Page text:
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Marty's "Living life in chapters" A self development blog: What is Love?

Marty's "Living life in chapters" A self development blog

Sunday, January 02, 2011

What is Love?

So here I go again, writing down thoughts as I go along in a somewhat creative fashion. 

My experience of reading about the subject of "Love" and hearing others speak of it have helped me to come to my conclusions here.

The word "Love" is powerful and can create a plethora of reactions, some of which can be unexpected. It can also create an enormous amount of mis-understanding. 
Doing a little research on the subject brings up a lot of links to "finding love" or "finding a life partner". It's a word that seems to be very much linked to "lust" which is really quite something different. 

The word has many meaning in different languages. A good example of this is the various in Greek
Based on this example and also referring to a description I once heard at the wedding of some friends I see it as this: 

Love as in friendship. The joy of having a friend or friends that we enjoy the company of and communicate effectively. It would be the sort of love that we give freely in this way by not only reading blogs, but commenting upon them and thereby communicating. Establishing a link in common thought. 

Love as in respect. This is having a positive regard for another person and  respecting their situation and point of view. It would be to allow a person some freedom to speak and act as they see fit. 

Love in the physical sense. This seems to me to be the common understanding of what love is. It refers to the love combined with sexual attraction and the physical act of sex. This is where mis-understanding can come in. Stating "I love you" in this case to a friend or somebody you know not particularly well may infer that you are expressing an emotional and physical bonding that may not be wanted. I'm suggesting that it may not necessarily be the case. 

As far as long term relationships are concerned, I remember the minister at the wedding I attended suggesting that achieving 2 out of the 3 mentioned above is a good basis for a lasting marriage. 

Close friendships do indeed involve Love without necessarily involving the physical aspect. 

I wrote about the closest friend I ever had in my life a few years ago. Writing about it at that time touched many people and encouraged a new openness between folk in the social network blogsphere I was involved with at that time. Many chose to share their experiences. I believe it was a liberating experience and allowed many to clear some emotional clutter in their lives.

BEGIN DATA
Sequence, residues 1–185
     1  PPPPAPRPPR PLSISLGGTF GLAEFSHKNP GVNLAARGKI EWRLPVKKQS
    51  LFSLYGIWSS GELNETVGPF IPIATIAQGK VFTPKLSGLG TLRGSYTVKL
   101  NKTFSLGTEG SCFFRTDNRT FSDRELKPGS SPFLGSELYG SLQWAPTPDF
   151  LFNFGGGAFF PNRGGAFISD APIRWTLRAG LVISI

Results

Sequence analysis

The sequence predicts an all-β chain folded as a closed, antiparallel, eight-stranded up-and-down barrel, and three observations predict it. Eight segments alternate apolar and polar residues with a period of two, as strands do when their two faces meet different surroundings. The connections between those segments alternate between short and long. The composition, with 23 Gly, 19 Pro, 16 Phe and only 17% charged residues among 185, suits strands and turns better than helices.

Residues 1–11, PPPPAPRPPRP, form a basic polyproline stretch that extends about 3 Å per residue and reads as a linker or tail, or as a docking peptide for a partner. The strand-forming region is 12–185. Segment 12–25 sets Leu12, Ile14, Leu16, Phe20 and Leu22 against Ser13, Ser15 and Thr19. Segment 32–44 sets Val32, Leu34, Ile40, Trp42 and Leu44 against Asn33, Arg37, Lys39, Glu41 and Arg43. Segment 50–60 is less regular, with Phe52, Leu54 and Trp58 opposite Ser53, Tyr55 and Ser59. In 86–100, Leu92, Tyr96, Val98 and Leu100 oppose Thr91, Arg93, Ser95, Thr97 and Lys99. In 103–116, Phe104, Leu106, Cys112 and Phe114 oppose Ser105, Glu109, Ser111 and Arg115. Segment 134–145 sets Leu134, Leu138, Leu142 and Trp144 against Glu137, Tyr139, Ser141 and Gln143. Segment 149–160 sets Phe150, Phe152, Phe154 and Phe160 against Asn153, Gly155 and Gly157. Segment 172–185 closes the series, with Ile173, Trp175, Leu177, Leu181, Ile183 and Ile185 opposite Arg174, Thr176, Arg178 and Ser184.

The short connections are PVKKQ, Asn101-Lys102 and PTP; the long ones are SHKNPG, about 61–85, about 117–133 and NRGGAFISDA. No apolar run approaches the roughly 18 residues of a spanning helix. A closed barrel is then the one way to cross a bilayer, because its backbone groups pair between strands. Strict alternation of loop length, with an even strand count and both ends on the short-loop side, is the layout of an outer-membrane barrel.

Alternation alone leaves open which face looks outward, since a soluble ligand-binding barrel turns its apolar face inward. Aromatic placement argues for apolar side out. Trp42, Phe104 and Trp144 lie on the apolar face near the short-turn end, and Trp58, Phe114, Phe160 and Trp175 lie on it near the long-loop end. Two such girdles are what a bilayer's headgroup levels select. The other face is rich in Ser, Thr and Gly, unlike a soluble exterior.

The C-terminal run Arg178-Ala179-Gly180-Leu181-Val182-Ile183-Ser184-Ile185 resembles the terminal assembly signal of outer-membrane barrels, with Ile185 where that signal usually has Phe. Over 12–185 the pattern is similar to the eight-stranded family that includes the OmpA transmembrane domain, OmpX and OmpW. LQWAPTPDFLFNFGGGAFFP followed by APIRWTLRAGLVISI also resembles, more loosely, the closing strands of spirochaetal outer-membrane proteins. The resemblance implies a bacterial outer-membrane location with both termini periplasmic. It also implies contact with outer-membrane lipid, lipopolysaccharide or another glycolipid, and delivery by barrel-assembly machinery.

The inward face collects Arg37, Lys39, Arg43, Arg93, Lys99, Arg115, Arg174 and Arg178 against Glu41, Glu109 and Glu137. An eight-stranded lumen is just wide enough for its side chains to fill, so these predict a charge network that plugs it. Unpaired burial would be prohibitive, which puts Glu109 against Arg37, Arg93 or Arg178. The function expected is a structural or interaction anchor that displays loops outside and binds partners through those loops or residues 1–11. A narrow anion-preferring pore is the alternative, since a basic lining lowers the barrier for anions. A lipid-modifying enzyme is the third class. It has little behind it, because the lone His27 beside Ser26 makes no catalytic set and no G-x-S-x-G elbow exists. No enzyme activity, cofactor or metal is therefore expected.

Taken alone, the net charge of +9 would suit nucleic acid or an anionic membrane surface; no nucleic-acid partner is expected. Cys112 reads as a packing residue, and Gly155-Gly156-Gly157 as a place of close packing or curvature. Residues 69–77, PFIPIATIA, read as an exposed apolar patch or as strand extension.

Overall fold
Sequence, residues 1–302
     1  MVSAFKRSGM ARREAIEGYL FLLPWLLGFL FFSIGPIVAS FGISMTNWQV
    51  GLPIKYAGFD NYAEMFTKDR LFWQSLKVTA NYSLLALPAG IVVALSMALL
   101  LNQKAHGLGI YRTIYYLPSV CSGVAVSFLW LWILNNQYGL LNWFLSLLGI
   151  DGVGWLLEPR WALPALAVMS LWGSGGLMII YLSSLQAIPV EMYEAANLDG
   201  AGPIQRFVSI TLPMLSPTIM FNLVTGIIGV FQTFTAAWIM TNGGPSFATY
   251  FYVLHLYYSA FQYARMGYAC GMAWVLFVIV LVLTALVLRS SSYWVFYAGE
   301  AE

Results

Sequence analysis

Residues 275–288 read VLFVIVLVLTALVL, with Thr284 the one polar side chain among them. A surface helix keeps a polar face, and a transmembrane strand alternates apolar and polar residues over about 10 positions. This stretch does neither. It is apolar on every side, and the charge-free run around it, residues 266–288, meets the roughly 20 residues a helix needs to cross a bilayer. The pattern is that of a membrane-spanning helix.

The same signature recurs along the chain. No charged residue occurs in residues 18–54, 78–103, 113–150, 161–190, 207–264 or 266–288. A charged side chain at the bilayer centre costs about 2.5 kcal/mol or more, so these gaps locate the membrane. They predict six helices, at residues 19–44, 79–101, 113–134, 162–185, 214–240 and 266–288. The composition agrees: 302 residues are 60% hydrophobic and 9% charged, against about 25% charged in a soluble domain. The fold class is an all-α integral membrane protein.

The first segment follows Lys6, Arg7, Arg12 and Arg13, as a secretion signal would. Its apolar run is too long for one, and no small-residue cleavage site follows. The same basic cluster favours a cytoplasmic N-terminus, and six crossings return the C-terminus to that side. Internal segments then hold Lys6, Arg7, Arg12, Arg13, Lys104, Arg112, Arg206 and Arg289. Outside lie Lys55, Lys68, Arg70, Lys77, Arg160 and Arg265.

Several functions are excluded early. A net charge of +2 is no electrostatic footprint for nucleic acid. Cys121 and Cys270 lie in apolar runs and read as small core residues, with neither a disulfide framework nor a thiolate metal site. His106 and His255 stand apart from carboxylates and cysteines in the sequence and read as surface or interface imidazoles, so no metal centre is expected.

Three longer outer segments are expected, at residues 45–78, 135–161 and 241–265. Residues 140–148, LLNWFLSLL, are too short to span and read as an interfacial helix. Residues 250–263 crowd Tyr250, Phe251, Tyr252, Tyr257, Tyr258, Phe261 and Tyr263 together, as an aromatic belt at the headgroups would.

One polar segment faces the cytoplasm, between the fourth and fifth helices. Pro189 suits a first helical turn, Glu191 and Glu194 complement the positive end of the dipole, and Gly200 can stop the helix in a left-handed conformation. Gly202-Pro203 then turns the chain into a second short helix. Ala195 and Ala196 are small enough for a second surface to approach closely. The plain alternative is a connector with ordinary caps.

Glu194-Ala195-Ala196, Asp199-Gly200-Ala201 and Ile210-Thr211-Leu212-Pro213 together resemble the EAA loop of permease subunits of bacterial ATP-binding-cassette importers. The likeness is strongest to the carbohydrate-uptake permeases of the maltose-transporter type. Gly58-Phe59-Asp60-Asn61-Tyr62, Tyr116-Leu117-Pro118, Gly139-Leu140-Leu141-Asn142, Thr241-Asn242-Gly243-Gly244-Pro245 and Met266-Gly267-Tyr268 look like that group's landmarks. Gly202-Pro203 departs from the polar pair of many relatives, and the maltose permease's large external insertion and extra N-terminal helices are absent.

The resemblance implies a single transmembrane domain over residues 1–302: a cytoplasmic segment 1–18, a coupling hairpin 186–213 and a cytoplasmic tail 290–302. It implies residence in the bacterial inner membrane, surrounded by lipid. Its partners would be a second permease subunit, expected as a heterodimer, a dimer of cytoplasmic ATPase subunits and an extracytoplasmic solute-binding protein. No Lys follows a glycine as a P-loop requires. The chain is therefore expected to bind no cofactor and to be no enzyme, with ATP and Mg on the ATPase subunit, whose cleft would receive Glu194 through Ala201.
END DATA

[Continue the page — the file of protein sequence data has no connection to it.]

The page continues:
I'm going to share it again today (with some minor updates) All writing is, I believe, a work in progress. 

"I heard the telephone ring in the hallway of my parents bungalow. Mother answered the phone and it was Michael. All I heard her say down that phone was “oh no. uh no. oh no!” I started crying. Mother didn’t need to tell me. My intuition told me what had happened.
During the early 1970’s, my aunt took the lease of a cliff top kiosk at Foreness Bay, in Cliftonville, Margate. My parents also got involved in running this little business selling sandwiches, hot drinks, ice creams etc. It was a very popular spot in those days. For me, roughly 9 years old, this kiosk gave me the opportunity for wonderful and adventurous summers spent on the beach building sandcastles and “tide fight” barriers. It was also an opportunity for me to make new friends with other children on the beach.

That first summer I made friends with Mark and we became quite good friends. Mark had another friend, Paul, and we were duly introduced. Paul was not able to run around splashing in the surf as we did, for Paul was a fragile child born with a deformed heart. He spent most of his time sat on a sun lounger watching everyone else. Paul could walk a little, but would get out of breath very quickly. Paul’s mother Joy was also disabled, so Paul’s father Michael cared for them both whilst also running a taxi cab part time. At first, I didn’t think Michael was Paul’s father because Paul called his father by his Christian name. I discovered the reason for this in time. Joy would call out for Michael very frequently because of her needs and as a result, Paul never learned to call his father “Daddy”. This wasn’t at all sad. It was in fact rather endearing. I’d describe Michael as a jolly fellow and seemed to have bundles of energy. He was incredibly fit and went swimming in the sea every morning of the year including Christmas day! Paul’s fragile condition meant that he was never going to live into adulthood, so Michael crammed in as much as he could into Paul’s short life.

The 3 of us lads became firm friends. Mark and I spent a lot of exploring the beach, however, we would always ensure that we spent quality time with Paul. We would design elaborate games that Paul could play with us. This would involve flints and stones collected from the beach that we would throw at targets chalked onto the promenade. Michael would keep us fed with endless cold drinks and slices of cake. Sometimes we would all get the treat of an ice cream. Michael would always stop as the kiosk either on his way to the beach or on the way back, so my parents got to know him too. They were full of admiration for this man and his energy. Mother described him as a saint.